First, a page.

So assuming that I have the respect of males in academia, how did/do I manage to achieve this? Honestly, I think my work ethic has a lot to do with it. I am productive, get shit done on time, do it well and am open to constructive criticism, advice and suggestions. That being said, though, I’m no pushover and will stand up and defend my work if I believe the criticisms are unfounded.

I’ve also had two amazing mentors that are both guys and they have been instrumental in helping me negotiate this business. They never treated me any different from my male peers/colleagues just because I have ovaries and I never asked for, nor expected, any special treatment.

In terms of advice for female newbies, I have a couple of simple suggestions: (1) always be professional both in demeanor and dress, (2) be good at what you do, (3) don’t ask for special treatment just coz you’re female*, and (4) don’t try batting your eyelids to impress someone.

2. How should women dealing with a two-body problem handle assumptions that their career is secondary to their partner's?

I’m not sure I’m qualified to answer this question as I’m unattached and only ever have to look out for myself when making career decisions. However, being unqualified never prevented me from voicing an opinion on this or any other topic.

Having not been in this situation, my first reaction would be to ask if it really matters what people assume. But I know that is a naive and clueless response as this can have a material impact on one’s career.

Hmmm. I guess I don’t really think I have any advice other than to be totally fucking amazing at the work you do. Let’s face it, as women, we often have to be better than our male peers in order to achieve the same thing so this probably goes double for those with an academic for a partner. And are you advertising yourself as being part of a two-body package? If so, is it crystal clear as to how awesome your achievements are?

Told you I really didn’t have anything to contribute to this one.

3. What would you like to see from tenure-track and not-yet-tenure-track menfolk? How can they pitch in?

What I really want is for male colleagues to treat me as a peer, not as a female peer per se. When I’m at work, I want them to see an accomplished, hardworking, super-smart, kickass professional. Don’t make comments about the lack of a wedding ring on my hand or ask when I’m going to settle down and start a family. If I'm getting annoyed at a meeting, you really don't want to ask if "it's that time of the month". Believe me when I say that the last thing you want to do is piss me off.

I also get cranky when I get comments from reviewers suggesting that I get more senior colleagues to help me with my work. It’s clear from my IRL name that I am female and I’m 99% certain that those comments would not be there if my name was Billy Bob. Don’t assume that I am not competent to carry out the work simply because I have ovaries. Look at my biosketch and judge from that, not the gender associated with the name listed at the top of the page.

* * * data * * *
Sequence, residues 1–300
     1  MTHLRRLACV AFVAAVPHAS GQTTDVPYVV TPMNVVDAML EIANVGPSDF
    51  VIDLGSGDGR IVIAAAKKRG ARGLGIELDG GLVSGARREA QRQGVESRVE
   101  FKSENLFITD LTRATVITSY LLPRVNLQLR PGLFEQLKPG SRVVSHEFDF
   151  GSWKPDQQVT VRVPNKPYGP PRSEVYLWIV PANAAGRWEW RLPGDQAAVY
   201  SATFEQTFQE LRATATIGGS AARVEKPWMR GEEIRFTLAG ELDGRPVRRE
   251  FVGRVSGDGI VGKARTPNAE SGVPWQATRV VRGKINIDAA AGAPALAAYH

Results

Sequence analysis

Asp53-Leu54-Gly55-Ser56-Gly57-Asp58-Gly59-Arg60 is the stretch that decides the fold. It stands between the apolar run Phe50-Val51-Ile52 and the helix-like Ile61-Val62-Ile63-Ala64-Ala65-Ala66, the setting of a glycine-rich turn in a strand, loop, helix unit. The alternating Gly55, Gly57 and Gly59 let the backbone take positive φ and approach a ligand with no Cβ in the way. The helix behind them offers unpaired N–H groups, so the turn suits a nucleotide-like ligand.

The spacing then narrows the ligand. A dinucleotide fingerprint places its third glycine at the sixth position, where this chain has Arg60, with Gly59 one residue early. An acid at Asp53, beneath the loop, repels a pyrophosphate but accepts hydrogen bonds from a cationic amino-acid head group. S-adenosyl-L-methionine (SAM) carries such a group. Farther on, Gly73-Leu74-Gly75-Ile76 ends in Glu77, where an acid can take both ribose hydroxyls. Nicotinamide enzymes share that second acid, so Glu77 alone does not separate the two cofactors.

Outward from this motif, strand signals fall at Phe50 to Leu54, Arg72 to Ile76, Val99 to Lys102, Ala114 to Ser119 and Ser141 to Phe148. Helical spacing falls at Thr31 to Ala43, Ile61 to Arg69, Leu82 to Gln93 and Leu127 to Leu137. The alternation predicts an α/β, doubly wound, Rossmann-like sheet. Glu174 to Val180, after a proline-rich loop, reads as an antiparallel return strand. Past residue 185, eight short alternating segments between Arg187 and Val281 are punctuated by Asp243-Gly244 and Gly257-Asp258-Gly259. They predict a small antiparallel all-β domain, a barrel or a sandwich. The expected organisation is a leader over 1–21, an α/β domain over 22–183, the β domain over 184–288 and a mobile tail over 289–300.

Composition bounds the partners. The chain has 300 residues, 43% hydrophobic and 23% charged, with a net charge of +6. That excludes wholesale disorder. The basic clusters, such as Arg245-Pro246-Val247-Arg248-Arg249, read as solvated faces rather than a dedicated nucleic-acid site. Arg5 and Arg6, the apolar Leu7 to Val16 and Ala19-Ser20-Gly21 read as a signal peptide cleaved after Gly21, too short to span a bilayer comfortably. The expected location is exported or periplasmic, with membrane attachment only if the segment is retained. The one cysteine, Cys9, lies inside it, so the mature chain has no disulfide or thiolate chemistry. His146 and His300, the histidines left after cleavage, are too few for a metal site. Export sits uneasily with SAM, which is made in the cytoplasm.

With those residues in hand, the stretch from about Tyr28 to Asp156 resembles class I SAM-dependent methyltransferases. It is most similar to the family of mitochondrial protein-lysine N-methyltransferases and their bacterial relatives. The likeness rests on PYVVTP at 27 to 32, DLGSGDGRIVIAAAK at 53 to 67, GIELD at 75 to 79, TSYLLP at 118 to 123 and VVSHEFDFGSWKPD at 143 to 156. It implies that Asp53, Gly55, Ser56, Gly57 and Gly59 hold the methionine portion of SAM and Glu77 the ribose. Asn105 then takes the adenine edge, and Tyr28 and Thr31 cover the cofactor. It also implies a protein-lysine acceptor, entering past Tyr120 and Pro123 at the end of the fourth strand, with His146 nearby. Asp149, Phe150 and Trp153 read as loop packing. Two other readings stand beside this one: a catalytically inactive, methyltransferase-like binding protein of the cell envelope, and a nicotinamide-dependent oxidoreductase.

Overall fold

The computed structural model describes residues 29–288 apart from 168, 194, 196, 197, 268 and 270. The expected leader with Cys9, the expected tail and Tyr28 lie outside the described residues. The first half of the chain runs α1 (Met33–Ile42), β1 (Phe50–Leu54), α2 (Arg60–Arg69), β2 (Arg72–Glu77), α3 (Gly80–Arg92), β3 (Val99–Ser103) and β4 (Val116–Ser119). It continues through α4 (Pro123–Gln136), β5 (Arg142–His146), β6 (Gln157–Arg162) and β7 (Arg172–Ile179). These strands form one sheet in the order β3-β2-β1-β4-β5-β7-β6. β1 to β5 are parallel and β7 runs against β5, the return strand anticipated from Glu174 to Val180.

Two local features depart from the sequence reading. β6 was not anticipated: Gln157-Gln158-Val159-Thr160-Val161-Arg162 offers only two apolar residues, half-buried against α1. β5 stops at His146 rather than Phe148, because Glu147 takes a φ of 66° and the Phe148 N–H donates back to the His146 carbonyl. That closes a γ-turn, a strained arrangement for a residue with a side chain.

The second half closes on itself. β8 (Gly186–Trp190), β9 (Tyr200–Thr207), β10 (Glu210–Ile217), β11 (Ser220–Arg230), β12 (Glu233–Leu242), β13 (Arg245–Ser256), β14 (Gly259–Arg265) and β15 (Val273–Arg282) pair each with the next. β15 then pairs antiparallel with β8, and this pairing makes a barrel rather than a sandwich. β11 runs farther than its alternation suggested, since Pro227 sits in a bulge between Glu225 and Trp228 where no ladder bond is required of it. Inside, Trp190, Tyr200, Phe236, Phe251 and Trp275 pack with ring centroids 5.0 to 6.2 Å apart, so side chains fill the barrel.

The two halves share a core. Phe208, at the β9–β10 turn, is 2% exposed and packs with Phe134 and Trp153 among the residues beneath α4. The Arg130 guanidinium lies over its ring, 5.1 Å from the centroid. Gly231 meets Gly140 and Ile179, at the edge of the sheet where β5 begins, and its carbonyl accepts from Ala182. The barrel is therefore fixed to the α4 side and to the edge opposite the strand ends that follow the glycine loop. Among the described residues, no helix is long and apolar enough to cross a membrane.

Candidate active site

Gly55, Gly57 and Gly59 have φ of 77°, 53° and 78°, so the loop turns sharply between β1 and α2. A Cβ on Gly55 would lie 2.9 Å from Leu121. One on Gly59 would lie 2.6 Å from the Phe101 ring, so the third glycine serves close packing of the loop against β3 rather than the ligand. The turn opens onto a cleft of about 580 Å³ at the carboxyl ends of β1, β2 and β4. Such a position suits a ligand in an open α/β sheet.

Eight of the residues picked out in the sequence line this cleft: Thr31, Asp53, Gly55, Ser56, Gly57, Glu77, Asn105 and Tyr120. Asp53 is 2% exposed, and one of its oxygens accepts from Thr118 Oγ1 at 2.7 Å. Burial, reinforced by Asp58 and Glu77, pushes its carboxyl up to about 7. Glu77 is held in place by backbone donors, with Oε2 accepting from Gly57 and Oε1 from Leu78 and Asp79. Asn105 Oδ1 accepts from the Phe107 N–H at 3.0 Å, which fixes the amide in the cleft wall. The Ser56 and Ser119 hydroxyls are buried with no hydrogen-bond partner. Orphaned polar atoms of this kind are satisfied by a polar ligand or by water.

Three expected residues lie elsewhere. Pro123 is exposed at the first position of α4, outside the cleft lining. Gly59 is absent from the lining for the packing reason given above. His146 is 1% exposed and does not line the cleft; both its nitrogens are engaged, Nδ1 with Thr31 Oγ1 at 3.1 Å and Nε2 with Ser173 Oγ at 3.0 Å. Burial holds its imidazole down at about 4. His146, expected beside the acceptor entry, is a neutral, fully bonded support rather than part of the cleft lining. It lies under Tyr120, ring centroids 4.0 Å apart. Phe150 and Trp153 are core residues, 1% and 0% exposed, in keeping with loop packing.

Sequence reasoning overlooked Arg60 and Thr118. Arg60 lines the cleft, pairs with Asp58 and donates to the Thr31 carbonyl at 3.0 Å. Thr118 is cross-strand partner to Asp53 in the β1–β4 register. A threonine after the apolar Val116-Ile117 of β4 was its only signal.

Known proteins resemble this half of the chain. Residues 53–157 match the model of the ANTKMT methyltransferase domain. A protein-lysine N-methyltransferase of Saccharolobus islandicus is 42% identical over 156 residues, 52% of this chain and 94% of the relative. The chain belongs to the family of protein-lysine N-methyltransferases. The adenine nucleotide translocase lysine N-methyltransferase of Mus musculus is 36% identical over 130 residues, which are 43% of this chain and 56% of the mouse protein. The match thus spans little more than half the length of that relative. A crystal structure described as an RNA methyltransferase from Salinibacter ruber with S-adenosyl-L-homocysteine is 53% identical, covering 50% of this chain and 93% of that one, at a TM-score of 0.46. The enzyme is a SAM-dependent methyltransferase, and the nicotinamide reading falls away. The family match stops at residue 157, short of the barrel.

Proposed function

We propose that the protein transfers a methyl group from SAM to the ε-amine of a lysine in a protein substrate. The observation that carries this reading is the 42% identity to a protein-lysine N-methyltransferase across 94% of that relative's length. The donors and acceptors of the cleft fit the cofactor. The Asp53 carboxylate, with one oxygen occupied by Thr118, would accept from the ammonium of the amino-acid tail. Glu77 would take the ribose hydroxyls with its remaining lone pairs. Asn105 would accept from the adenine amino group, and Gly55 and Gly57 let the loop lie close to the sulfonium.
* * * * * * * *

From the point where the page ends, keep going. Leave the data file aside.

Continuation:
Sigh. That’s three from three questions for which I have nothing interesting or constructive to offer.

4. How do you deal with insinuations that you were only chosen for a position/award/etc because of affirmative action?

Haha - I don’t think anyone familiar with my background and/or current position would dare to insinuate that I received accolades or jobs simply because I was a woman. For example: in grad school, I was the only female in my lab and graduated with the most number of publications as first author, published in more respected journals than my peers and won the most number of awards. I am 100% confident that none of the guys in that cohort would ever suggest that I got any of those things because of affirmative action as they all saw the amount of blood, sweat and tears that went into my work.

I have also never actively sought awards or opportunities that were restricted to women, mostly because I wanted to avoid the You Only Got This Far Coz You Have Ovaries type of thing. But that’s just me. I don't have a problem with women that do.

Ok, so I think it’s fair to say that I don’t really have anything of any value to say on any of these topics. As other bloggers have opined in far more elegant terms than I ever could, being in academia doesn’t mean you have to lose your femininity or your right to have functioning ovaries. That’s not something you should ever have to sacrifice. Evah. Academia is a career, just like any other. Only it’s gutwrenchingly difficult and incredibly frustrating. Nevertheless, it’s what pays the bills. I love what I do but I don’t live to work. And I just don’t see that my gender has anything to do with my work. I do what I do, I do it well and I don’t need to be identified or classified as a female academic.

Hell, now I’m ranting and completely off-topic. But at least I managed to make sure that this rant contained 100% fewer babies as instructed. Take from it what you will. Or just move on to the next post in your Reader queue as it’s probably of more use than this one.

Damn, I’m tired. Is the end of the semester here yet? Can’t wait for this year to be over.

Now where are those fucking Doritos, Hermitage?

* This post is supposed to be 100% baby-free so I’m not even going near the whole pregnancy, maternity leave, breast feeding, etc, issues. As far as I’m concerned, they are a fundamental right that need to be built into academia. And every other career sector.